Pettery v. Groff

Annotate this Case

491 N.E.2d 583 (1986)

Ruth Ann PETTERY, Appellant (Plaintiff below), v. Brenda GROFF, Appellee (Defendant below).

No. 2-185A11.

Court of Appeals of Indiana, Second District.

April 23, 1986.

*584 Don P. Campbell, Covington, for appellant.

John W. Barce, Fowler, for appellee.


Plaintiff Ruth Ann Pettery brought an action for personal injuries sustained when she fell out an automobile driven by defendant Brenda Groff. The trial court granted summary judgment for Groff on the basis the guest statute barred a negligence action against Groff. Pettery appeals, claiming she was being transported for pay and thus is outside the guest statute.[1]

We reverse and remand.

Summary judgment is properly granted when there is no genuine issue as to any material fact and the moving party is entitled to judgment as a matter of law. In determining a motion for summary judgment, contents of pleadings, depositions, answers to interrogatories, admissions and affidavits must be liberally construed in favor of the opponent, resolving any doubts against the moving party. Blankenbaker v. Great Central Ins. Co. (1972), 151 Ind. App. 693, 281 N.E.2d 496. Even if the basic facts are not disputed, summary judgment is not proper when the information before the court reveals a good faith dispute regarding the inferences to be drawn from the facts. Liebner v. Dobson (1985), Ind. App., 474 N.E.2d 1039.

Brenda Groff was employed by Richard and Lucy Pettery as a live-in babysitter. The Petterys were both employed full-time at a restaurant. Groff was furnished room, board, and a salary of $15.00 per week payable each Friday for her services. Groff's primary responsibility was to care for Ruth Ann, the Pettery's six year old daughter. Ruth Ann attended school in the afternoon, but Groff was responsible for Ruth Ann during the morning hours.

On March 12, 1982, around 9:00 a.m., Groff called Lucy Pettery at the restaurant where she was employed and asked for her weekly salary. Lucy Pettery assented, and Groff, with Ruth Ann accompanying her, traveled to the restaurant in her boyfriend's car. Lucy Pettery gave Groff the Petterys' wage checks, together with a deposit slip, and told Groff to go to the bank, deposit an amount in the Petterys' account and return the balance in cash so Groff could be paid. Groff left for the bank, once again accompanied by Ruth Ann. After the deposit was made and the cash obtained at the bank's drive-up window, Ruth Ann fell out of the car and Groff drove over Ruth Ann's left hand.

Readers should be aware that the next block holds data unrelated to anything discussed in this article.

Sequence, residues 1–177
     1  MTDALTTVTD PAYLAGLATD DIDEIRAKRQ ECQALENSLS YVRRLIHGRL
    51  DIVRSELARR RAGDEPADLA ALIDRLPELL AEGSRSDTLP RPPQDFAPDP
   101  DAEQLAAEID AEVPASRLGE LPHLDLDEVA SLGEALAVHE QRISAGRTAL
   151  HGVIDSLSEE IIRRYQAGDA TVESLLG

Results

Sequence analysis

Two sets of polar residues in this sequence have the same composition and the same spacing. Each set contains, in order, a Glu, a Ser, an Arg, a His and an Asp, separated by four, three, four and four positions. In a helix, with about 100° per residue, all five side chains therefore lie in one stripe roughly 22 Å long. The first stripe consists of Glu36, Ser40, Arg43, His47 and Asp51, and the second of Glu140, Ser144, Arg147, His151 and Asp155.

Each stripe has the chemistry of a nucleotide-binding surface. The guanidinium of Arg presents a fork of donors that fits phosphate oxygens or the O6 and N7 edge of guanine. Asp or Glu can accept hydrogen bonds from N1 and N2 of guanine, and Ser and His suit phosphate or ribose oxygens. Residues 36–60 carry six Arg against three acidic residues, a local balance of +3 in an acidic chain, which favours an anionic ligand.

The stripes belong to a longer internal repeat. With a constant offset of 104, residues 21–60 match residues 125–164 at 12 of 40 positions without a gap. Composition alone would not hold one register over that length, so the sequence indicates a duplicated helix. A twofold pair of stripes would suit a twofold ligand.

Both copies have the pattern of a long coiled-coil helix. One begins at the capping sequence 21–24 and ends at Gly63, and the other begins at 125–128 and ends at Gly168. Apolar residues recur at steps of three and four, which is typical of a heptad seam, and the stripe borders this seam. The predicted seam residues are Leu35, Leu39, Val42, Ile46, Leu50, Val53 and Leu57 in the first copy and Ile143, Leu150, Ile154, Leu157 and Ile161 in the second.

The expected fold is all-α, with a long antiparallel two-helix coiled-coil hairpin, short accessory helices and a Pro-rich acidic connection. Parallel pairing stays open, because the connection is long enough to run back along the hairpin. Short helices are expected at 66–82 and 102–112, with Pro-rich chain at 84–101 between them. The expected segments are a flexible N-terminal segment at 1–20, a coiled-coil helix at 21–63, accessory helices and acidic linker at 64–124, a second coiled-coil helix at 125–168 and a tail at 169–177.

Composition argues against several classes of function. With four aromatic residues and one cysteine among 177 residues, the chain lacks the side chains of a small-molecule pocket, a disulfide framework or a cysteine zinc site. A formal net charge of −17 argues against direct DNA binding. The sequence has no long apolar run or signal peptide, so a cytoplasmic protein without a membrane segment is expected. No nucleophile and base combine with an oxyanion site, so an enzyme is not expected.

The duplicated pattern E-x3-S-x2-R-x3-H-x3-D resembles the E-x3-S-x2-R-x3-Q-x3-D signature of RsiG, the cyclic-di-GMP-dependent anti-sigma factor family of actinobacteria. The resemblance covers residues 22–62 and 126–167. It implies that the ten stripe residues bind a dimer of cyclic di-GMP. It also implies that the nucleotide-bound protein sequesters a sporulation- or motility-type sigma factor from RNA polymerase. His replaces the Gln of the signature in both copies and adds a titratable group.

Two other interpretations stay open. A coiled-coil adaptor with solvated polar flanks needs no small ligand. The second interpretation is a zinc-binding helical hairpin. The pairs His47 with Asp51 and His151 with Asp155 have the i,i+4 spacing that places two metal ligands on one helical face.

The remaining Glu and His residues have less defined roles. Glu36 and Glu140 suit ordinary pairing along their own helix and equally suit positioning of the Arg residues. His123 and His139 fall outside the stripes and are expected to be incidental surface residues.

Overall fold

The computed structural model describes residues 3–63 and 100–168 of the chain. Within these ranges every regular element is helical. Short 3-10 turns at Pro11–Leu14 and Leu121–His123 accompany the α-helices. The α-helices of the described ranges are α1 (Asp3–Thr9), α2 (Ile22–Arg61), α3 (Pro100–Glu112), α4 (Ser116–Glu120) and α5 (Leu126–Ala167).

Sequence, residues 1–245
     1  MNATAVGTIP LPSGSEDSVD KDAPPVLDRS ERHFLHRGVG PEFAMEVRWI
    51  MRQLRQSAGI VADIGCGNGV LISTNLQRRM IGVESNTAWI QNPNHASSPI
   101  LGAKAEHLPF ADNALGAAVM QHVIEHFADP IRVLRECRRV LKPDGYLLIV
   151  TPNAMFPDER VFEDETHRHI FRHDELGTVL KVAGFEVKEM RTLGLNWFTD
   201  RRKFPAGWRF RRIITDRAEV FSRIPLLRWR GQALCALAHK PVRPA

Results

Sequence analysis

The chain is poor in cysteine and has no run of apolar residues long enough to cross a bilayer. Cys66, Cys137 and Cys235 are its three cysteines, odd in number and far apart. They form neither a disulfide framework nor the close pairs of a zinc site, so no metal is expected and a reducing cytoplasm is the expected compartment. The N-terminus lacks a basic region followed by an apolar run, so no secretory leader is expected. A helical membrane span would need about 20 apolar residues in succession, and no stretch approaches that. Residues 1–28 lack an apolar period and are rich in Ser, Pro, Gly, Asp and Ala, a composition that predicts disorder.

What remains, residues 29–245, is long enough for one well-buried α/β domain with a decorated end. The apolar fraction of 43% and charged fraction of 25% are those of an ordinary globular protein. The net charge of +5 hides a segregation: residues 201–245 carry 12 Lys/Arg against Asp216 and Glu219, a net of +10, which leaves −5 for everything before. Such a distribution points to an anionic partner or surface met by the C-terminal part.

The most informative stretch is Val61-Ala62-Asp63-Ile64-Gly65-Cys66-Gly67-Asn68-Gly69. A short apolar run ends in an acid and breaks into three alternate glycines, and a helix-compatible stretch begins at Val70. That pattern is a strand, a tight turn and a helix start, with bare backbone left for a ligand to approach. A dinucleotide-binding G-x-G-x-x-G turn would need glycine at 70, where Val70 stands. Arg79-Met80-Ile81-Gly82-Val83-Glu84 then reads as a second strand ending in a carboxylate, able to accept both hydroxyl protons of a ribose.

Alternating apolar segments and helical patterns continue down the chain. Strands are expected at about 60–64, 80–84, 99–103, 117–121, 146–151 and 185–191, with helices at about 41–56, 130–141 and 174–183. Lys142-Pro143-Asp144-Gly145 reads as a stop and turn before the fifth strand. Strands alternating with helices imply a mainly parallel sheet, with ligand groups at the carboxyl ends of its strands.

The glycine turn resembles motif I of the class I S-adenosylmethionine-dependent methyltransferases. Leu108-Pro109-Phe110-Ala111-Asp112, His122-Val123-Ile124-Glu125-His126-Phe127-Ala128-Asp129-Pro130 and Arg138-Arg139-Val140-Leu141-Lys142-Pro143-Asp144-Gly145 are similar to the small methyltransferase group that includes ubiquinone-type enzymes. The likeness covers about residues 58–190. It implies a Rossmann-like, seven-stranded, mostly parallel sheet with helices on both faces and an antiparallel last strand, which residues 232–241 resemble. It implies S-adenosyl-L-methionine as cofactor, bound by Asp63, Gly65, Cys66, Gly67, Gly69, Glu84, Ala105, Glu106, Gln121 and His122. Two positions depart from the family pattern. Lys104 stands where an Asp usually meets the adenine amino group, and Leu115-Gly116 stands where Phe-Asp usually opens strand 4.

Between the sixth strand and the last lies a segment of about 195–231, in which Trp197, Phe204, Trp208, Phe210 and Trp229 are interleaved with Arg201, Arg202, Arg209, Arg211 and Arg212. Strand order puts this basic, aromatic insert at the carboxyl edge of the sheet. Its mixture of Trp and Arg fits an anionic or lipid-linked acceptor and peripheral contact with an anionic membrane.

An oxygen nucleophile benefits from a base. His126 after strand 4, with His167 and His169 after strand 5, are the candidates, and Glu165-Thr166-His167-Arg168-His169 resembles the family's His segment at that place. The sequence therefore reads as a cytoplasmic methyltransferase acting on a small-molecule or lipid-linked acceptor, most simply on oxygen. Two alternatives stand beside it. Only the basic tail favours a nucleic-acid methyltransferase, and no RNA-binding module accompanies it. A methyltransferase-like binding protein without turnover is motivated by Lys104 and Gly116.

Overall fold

Ruth Ann filed suit against Groff on July 29, 1983, alleging Groff was negligent. Groff subsequently filed a Motion for Summary Judgment which the trial court granted.

Groff's theory is Ruth Ann was a guest within the meaning of the guest statute and thus is precluded from bringing an action against Groff predicated upon ordinary negligence. The Indiana Guest Statute, Ind. Code Ann. ยง 9-3-3-1 (Burns Repl. 1980)[2] eliminates negligence as a basis of liability where an action is brought against a host automobile operator by a guest passenger:

"The owner, operator, or person responsible for the operation of a motor vehicle shall not be liable for loss or damage arising from injuries to or death of a guest, while being transported without payment therefor, in or upon such motor *585 vehicle, resulting from the operation thereof, unless such injuries or death are caused by the wanton or willful misconduct of such operator, owner, or person responsible for the operation of such motor vehicle."

Groff argues her trip to the bank was outside the scope of her duties as babysitter and was done as a favor to Richard and Lucy Pettery. Thus, according to Groff, she received neither compensation nor benefit for making the trip, and, therefore, Ruth Ann was a guest at the time she sustained injury.

We disagree. Any debate over Ruth Ann's status in the vehicle is a red herring. The fact of the matter is Groff was undisputedly serving as a paid babysitter at the time Ruth Ann sustained her injury and thus the guest statute never comes into consideration.

Groff was employed to provide care for Ruth Ann in the mornings until Ruth Ann's afternoon school commenced. As such, Groff had the duty to exercise ordinary care on behalf of the child in her paid custody. See Miller v. Griesel (1974), 261 Ind. 604, 308 N.E.2d 701; 65 C.J.S. Negligence Sec. 63(60) (1966). Whether or not Groff went to the bank as a personal favor to the Petterys, she continued to have the duty to exercise ordinary care on Ruth Ann's behalf. That duty continued so long as Ruth Ann was in her charge and wherever that might be, including in a vehicle. At the time of the injury, Ruth Ann undisputedly was in Groff's custody in the course of Groff's employment as Ruth Ann's babysitter. The mere fact they were in a vehicle in no way impacts upon Groff's continuous duty of reasonable care. Accordingly, as a matter of law, Groff owed Ruth Ann the duty of reasonable care.

The trial court erroneously granted Groff's motion for summary judgment. Judgment reversed and cause remanded to the trial court for further proceedings consistent with this opinion.

BUCHANAN, C.J., and SULLIVAN, J., concur.


[1] Alternatively, Pettery claims at the time of the accident she was a six year old child who was non sui juris and therefore incapable of giving her consent to be a guest. Because we base our reversal of the trial court's decision on Pettery's first argument, it is unnecessary for us to address this issue.

[2] The Indiana Guest Statute was amended in 1984 and now protects the automobile driver from liability for negligence only when the injured passenger is his parent, spouse, child or stepchild, brother, sister, or a hitchhiker. Ind. Code Ann.Sec. 9-3-3-1 (Burns Supp. 1985).